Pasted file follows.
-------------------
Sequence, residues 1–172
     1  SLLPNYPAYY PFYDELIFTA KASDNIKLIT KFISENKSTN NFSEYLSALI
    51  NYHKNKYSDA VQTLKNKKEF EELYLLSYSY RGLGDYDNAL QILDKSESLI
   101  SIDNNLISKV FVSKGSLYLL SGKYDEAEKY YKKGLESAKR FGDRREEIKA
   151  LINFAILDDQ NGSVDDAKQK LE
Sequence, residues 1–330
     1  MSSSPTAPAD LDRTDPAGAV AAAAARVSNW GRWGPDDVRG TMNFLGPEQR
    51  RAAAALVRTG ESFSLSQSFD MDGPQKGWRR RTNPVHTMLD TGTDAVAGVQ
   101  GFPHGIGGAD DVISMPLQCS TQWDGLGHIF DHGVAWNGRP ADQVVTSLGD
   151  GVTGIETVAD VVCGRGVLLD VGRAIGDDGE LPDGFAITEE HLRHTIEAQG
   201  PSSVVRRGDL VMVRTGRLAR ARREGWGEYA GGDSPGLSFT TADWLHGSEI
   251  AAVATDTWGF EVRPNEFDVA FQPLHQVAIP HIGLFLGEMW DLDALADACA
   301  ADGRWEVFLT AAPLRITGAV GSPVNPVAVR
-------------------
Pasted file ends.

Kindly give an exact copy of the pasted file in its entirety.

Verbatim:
Sequence, residues 1–172
     1  SLLPNYPAYY PFYDELIFTA KASDNIKLIT KFISENKSTN NFSEYLSALI
    51  NYHKNKYSDA VQTLKNKKEF EELYLLSYSY RGLGDYDNAL QILDKSESLI
   101  SIDNNLISKV FVSKGSLYLL SGKYDEAEKY YKKGLESAKR FGDRREEIKA
   151  LINFAILDDQ NGSVDDAKQK LE
Sequence, residues 1–330
     1  MSSSPTAPAD LDRTDPAGAV AAAAARVSNW GRWGPDDVRG TMNFLGPEQR
    51  RAAAALVRTG ESFSLSQSFD MDGPQKGWRR RTNPVHTMLD TGTDAVAGVQ
   101  GFPHGIGGAD DVISMPLQCS TQWDGLGHIF DHGVAWNGRP ADQVVTSLGD
   151  GVTGIETVAD VVCGRGVLLD VGRAIGDDGE LPDGFAITEE HLRHTIEAQG
   201  PSSVVRRGDL VMVRTGRLAR ARREGWGEYA GGDSPGLSFT TADWLHGSEI
   251  AAVATDTWGF EVRPNEFDVA FQPLHQVAIP HIGLFLGEMW DLDALADACA
   301  ADGRWEVFLT AAPLRITGAV GSPVNPVAVR